The art curriculum at Tram House School is designed to engage, inspire and provide opportunities for learners to express themselves creatively. All “art” projects, activities and work meet our four key aims:

  • Enable pupils to produce creative work, exploring ideas, materials and recording experiences
  • Have opportunities to work in both 2D and 3D
  • Use art of other artists to influence their work
  • Explore art in other cultures.

Geography, history, RE, drama/performing arts

We have a themed week once a term which incorporates other areas of the curriculum e.g. Geography, History, Religious Education (RE), Drama/Performing Arts.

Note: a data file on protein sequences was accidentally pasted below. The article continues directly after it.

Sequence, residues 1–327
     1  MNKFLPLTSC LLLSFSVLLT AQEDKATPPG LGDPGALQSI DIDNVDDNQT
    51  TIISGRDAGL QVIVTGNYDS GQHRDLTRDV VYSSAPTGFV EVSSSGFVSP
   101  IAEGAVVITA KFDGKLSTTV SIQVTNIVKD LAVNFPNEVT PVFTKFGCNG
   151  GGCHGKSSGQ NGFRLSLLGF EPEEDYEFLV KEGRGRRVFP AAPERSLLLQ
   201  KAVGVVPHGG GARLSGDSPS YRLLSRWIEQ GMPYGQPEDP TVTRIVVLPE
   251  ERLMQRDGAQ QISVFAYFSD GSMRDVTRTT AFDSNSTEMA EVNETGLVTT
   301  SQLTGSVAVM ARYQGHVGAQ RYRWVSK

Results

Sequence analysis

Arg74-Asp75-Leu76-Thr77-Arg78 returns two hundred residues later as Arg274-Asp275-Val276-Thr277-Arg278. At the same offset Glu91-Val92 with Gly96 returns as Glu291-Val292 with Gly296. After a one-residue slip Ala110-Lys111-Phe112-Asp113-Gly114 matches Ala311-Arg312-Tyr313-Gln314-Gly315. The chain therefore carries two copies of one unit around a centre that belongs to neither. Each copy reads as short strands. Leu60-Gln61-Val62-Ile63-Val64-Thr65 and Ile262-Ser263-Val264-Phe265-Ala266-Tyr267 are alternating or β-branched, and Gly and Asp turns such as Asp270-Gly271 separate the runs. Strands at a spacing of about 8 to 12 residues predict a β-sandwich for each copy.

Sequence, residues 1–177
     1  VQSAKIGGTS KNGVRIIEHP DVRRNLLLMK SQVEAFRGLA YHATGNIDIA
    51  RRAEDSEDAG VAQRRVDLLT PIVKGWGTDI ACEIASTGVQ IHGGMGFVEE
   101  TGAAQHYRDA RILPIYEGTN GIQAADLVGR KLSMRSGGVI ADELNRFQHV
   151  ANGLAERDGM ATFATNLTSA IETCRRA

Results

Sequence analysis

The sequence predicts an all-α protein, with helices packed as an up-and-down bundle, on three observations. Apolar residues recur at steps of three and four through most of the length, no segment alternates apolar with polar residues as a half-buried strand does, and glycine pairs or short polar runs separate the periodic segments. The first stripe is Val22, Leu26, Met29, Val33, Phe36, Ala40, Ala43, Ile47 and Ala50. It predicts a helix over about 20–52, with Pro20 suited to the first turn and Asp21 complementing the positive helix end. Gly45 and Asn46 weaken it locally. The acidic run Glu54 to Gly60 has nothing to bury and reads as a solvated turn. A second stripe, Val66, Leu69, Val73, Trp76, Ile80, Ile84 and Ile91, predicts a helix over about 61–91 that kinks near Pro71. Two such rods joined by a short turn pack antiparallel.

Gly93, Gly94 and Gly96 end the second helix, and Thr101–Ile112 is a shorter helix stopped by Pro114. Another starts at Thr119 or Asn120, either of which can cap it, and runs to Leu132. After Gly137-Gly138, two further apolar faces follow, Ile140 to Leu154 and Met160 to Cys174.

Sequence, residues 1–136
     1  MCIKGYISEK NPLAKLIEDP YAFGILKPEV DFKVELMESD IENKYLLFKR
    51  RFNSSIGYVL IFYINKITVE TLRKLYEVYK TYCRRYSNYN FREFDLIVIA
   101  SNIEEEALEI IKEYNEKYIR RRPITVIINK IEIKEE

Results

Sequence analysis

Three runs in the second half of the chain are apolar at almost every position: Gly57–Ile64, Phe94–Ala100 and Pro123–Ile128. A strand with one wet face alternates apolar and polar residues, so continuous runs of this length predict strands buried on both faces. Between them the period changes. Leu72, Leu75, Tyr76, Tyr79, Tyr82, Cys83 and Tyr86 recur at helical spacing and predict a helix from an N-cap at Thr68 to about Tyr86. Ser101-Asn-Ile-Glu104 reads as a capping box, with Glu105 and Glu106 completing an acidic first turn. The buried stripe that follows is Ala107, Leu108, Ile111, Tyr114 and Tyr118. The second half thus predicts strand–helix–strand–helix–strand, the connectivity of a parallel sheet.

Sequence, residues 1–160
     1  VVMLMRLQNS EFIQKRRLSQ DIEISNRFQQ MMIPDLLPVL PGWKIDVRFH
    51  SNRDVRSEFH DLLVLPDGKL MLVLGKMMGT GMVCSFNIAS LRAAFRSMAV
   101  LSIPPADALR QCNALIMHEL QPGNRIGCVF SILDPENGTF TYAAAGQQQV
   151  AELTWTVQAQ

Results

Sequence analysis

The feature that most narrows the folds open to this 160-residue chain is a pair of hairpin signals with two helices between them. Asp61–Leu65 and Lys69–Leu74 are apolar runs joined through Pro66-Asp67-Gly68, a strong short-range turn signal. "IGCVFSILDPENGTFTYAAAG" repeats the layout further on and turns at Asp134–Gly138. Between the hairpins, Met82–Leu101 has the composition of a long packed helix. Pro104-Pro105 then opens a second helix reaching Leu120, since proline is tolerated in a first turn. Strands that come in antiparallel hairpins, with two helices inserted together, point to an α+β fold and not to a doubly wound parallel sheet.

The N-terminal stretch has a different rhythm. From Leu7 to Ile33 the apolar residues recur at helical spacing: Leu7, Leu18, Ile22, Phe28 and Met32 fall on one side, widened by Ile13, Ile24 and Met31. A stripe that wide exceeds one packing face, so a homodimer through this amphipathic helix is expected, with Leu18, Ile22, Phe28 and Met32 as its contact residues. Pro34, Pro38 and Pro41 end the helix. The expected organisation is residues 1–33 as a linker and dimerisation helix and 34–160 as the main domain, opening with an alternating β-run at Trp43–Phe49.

Tram House School offer the following ASDAN courses: New Horizons for Year 7 and 8 pupils; Personal Progress for Years 9-11 pupils: Pupils in the Sixth Form continue to access the ASDAN programmes, with an emphasis on community participation and will work towards either Workright or Towards Independence.


From September 2020 Sixth Form pupils have also been working towards AQA Award Unit certificates in both vocational and academic areas. By the time pupils are in their final year at Tram House School, they will be working towards accreditation that is meaningful for them and will increase their employability skills for their futures. Please see the dedicated 6th Form page for more information.

Tram House: screen time audit report: 2020-2021